Much has changed since Sears published its first catalog in 1888. One thing that hasn’t is retail’s love affair with content. Now more than ever—with the ascent of social media and mobile shopping—retailers have moved beyond peddling their wares through pamphlets and become full-fledged media players. They have the eyeballs and consumer data. Amazon, Walmart, Target, Sears and Best Buy all rank among the top 100 comScore websites. So naturally, retailers believe they can profit by boosting their brands' messaging any way they can, in how-to guides and fashion tips and so on. “The Internet requires every brand, business and
If "content is king" then marketing and advertising is dead. Consumers may be suffering from advertising saturation on our TVs, radio, the Internet, newspapers and social media sites, but I truly believe that good marketing can make advertising and marketing relevant and appealing. The majority of small business owners don’t know what content marketing is and therefore don’t apply the concepts and practices. Research findings from small business owners highlighted that posting mainly sales-related content to the correct target market that have shown an interest in a particular company/products/services resulted in increased sales and enquiries for those companies
Perfect? Wouldn’t it be subjective to say what’s perfect? Nah. From the point of view of a marketing writer of 25 years (yeah, that’d be me), a headline has one objective: Inspire the reader to read the next line. This applies to your email’s subject line or your blog post title in the biggest way. It applies to social media because it’s your headline that will most likely be shared and clicked—or not. So Which Headline Writing Technique Works Best? Marketing geniuses always yack on about how important it is to get right to the point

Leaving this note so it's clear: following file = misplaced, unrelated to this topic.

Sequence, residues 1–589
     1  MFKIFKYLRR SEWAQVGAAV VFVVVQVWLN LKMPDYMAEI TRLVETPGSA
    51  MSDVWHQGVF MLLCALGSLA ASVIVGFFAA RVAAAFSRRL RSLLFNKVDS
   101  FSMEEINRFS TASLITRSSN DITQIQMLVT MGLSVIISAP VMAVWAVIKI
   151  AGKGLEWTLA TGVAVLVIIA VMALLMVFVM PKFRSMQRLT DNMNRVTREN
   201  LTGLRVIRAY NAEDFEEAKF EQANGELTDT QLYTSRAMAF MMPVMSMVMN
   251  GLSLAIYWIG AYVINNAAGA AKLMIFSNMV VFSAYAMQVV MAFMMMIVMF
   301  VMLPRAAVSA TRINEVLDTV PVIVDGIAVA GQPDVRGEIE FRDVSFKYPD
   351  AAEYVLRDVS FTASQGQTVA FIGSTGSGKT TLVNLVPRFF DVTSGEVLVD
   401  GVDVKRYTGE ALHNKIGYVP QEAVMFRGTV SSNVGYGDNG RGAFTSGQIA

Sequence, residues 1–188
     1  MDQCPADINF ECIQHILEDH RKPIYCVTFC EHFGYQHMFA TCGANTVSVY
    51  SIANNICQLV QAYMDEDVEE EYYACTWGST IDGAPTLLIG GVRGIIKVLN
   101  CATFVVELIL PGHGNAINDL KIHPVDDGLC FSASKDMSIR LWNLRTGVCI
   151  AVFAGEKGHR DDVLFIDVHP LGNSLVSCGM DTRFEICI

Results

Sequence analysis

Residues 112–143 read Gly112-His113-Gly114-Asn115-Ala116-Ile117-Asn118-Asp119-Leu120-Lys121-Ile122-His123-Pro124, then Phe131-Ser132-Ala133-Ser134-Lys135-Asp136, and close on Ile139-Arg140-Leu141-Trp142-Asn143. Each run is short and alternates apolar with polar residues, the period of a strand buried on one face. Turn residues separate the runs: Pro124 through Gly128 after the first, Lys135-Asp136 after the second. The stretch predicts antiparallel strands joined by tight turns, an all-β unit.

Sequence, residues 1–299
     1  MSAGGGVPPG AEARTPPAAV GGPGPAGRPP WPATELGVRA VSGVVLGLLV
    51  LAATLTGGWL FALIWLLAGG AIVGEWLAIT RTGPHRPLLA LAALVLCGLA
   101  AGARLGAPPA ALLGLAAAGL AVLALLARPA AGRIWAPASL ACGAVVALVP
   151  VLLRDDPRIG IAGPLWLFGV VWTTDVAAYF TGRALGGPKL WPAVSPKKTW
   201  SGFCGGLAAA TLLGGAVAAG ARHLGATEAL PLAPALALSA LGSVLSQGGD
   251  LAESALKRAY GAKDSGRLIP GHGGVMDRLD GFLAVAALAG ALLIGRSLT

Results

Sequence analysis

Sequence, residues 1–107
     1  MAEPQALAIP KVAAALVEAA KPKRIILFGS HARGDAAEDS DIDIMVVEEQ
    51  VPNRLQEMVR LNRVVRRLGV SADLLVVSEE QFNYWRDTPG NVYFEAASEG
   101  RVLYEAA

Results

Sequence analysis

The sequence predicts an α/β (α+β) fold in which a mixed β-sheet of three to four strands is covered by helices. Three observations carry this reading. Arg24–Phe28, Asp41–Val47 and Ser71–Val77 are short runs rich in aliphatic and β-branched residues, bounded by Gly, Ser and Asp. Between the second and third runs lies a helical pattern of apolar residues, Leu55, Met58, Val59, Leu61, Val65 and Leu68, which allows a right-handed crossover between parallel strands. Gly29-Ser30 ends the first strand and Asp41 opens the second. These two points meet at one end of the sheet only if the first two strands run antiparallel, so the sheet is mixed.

Major events—political, natural or economic—create a lot of eyeballs on a select set of media and stories. But as friends chimed in on Facebook, Twitter and texts, they shared stories of who stood by them during the crisis. My colleague David Cooperstein and I were discussing what marketers did and should do during a crisis. Do your customers need to hear from you during Hurricane Sandy? We’ve seen a few best practices from companies that are handling communications in a helpful and dignified way.
A year ago, we published an article on 11 fundamental guidelines for e-commerce checkout design here at Smashing Magazine. The guidelines presented were based on the 63 findings of a larger "E-Commerce Checkout Usability" study we conducted in 2011 focusing strictly on the checkout user experience, from “cart” to “completed order.” This year, we’ve taken a look at the state of e-commerce checkouts by documenting and benchmarking the checkout processes of the top 100 grossing e-commerce websites based on the findings from the original study. This led to a massive checkout database with 508 checkout steps reviewed, 975 screenshots and
On Wednesday, Foursquare launched “Promoted Updates,” its first paid product offering for merchants. … Last week, Foursquare began allowing business owners to send local updates … to their “best customers” when they’re nearby. “Best customers” are those who check in frequently, and possibly have “Liked” the venue on Foursquare. Now, businesses can aim those updates at users who aren’t their best customers, but could be. The ads are designed to target users whose friends frequently stop by, who have added that venue to one of their Foursquare lists, or who are often visiting similar venues in that neighborhood.